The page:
It has also stalled the FEC's ability to issue guidance to those asking how to best follow the law, Ports said.
"A political committee or a campaign can come to the FEC and ask for what's called an advisory opinion where it basically will say, 'I want to do X thing. Is that OK?'" Ports said. The FEC writes an opinion saying yes or no and why. "But when there's a 3-to-3 split, the commission says there's nothing, there's no opinion rendered."
Commissioners have argued before lawmakers in Congress that despite the partisan divides, it has reached a consensus on 90% of enforcement matters since January 2021. But lawmakers during a hearing last month said that on higher level issues, such as enforcement allegations related to Trump, partisan splits persist.
Ins and outs of the law
Federal laws apply to those running for federal office. But each state has its own set of laws for those running in elections within each state.
These laws can govern contribution limits, or how much an entity looking to give can give.
They also govern the disclosure of the money, meaning candidates or advertisers have to report how much they have received and from who.
But one thing that does hold true across all jurisdictions: people can't be stopped from spending.
The Supreme Court in 2010 decided that political action committees are able to take unlimited contributions from donors, except foreign nationals and federal contractors. Widely known as the Citizens United decision, it also allowed corporations and nonprofits to spend money on political campaigns and explicitly back a candidate as long as they don't directly coordinate with candidates.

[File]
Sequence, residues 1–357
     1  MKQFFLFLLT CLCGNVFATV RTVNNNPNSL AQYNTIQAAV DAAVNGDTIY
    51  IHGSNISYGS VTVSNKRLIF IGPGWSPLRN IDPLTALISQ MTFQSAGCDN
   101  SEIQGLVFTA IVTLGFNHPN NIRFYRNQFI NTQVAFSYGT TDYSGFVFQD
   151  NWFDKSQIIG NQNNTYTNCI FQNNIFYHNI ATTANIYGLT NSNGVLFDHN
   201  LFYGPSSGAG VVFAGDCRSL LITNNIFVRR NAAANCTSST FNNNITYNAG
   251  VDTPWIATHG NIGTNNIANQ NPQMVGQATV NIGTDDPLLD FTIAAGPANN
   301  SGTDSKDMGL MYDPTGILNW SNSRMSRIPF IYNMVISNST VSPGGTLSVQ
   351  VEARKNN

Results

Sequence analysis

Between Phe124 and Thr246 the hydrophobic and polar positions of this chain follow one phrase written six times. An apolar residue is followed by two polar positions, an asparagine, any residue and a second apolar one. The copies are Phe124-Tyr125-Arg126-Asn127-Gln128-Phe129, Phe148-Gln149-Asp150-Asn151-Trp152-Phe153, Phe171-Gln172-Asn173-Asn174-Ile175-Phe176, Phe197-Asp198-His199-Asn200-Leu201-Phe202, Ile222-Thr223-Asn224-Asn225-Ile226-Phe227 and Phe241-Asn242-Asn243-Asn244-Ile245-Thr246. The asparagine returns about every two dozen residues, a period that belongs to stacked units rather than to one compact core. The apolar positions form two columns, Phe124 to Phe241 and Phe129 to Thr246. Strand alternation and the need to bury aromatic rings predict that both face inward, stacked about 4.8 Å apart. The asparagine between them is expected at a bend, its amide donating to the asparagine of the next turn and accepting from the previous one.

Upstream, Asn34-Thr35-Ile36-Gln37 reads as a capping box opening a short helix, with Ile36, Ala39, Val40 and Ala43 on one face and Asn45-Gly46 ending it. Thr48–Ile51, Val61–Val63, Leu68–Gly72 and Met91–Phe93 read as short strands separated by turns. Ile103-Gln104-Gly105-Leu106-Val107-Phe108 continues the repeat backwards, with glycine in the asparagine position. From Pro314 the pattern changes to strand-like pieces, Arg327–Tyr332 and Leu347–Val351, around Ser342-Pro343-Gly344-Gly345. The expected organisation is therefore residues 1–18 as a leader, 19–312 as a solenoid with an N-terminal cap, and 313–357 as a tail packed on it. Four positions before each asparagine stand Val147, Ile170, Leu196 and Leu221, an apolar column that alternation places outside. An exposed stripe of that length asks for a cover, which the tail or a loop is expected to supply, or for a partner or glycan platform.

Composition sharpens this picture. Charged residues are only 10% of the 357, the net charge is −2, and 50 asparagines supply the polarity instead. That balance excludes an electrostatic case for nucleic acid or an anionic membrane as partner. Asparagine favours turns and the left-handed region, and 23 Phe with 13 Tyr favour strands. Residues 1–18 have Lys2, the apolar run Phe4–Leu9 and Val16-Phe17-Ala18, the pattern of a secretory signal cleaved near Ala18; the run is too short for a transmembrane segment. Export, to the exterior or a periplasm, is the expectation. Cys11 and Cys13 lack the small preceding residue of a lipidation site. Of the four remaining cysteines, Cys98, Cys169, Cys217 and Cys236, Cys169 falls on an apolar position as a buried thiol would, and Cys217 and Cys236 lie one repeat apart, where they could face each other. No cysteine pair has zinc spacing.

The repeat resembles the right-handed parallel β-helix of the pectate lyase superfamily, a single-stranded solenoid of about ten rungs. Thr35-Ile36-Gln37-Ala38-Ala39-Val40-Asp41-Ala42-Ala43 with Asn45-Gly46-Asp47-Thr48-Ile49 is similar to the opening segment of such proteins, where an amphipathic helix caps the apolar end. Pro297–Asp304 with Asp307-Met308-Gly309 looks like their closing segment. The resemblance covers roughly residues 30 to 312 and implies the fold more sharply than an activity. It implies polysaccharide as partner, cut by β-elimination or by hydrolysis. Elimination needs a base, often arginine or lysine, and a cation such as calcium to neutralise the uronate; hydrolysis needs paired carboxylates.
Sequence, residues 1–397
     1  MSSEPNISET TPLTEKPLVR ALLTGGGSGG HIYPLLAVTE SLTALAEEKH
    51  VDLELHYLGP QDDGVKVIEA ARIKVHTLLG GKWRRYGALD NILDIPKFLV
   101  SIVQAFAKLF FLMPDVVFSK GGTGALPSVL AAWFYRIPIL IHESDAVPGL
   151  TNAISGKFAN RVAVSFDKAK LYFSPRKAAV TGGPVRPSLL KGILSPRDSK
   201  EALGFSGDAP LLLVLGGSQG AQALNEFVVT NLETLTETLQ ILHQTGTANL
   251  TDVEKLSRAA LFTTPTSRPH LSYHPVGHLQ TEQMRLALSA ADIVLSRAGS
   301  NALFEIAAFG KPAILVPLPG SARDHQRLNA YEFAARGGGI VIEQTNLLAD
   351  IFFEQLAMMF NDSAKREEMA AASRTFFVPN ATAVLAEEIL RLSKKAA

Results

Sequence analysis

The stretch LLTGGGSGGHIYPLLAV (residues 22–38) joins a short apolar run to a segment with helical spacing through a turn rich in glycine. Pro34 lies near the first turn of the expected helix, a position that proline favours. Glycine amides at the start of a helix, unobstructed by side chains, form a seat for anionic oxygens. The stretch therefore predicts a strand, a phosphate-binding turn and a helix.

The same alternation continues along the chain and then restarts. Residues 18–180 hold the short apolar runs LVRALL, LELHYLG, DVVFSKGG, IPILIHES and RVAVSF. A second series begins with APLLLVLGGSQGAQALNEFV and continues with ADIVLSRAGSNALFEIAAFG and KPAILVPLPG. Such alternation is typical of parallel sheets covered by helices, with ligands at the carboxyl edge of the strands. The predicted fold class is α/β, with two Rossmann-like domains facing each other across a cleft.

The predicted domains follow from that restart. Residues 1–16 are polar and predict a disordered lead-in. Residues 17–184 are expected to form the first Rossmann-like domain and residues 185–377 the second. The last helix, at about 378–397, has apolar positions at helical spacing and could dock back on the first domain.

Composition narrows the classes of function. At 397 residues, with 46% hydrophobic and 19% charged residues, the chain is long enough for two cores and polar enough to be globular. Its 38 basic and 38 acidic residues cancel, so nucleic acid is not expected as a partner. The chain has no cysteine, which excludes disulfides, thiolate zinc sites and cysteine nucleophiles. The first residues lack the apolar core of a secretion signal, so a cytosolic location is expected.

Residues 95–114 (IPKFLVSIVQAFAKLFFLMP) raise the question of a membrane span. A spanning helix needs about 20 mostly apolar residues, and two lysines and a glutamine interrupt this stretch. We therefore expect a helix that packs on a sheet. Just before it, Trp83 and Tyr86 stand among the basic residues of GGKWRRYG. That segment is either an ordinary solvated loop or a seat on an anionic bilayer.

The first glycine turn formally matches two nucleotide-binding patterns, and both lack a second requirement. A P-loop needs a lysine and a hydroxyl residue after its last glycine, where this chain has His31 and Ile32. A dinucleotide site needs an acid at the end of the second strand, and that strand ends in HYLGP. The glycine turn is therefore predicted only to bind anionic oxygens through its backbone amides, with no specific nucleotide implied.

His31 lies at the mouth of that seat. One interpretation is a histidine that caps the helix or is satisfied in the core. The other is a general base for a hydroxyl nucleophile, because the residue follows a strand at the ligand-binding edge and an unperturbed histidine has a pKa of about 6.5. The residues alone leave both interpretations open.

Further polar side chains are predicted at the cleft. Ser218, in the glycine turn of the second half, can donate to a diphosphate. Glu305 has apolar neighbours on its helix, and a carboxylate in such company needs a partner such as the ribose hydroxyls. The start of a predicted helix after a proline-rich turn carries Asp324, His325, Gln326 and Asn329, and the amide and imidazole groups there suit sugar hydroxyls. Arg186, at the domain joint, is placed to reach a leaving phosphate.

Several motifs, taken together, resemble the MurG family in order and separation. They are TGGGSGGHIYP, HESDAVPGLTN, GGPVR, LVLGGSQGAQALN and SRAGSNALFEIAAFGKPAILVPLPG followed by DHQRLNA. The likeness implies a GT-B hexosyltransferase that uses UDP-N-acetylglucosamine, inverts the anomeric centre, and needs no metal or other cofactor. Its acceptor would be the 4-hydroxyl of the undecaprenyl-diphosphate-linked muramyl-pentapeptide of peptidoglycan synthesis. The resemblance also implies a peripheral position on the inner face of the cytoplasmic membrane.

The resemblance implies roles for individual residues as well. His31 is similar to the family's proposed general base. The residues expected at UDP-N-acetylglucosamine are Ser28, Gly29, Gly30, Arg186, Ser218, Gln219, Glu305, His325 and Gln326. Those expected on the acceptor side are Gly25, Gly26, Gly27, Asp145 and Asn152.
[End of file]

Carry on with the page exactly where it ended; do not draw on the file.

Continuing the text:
Ports and Kang say that this decision led to the rise of the use of political action committees.
What are PACs and super PACs?
A political action committee, or PAC, is organized for the purpose of raising and spending money to elect and defeat candidates. PACs tend to represent specific interests such as business, unions or ideologies.
"The basic difference is that super PACs engage only in independent expenditures. That is, they don't give money to candidates or to parties, and they don't coordinate with parties or candidates in how they use their money," Kang said. "That distinction allows them to raise money without contribution limits. And so that's what makes them super."
In 2022 there were 2,476 super PACs formed by a wide variety of interests. Together they raised over $2.7 billion and spent over $1.3 billion.
PACs, meanwhile, are subject to contribution limits and can coordinate with candidates. Often, presidential candidates will announce super PACs related to their individual ideology before announcing they are jumping into the race.
Does money increase the chances of a win?
Fundraising is a contributor to a campaign's success, said Kang, but so are other issues like candidate quality.
"Usually if you're spending a lot of money, often the opponent is also spending a lot of money and they kind of cancel out," Kang said. "That's not to say that having money is not important or doesn't help you win, because if the opponent is spending a lot of money, you're better off spending a lot of money too."
For presidential elections, candidates have to meet deadlines for their reporting. During presidential election years, such as 2024, candidates will have to file each month. The first report of the year will include all of 2023 fundraising and it is due Jan. 31, 2024.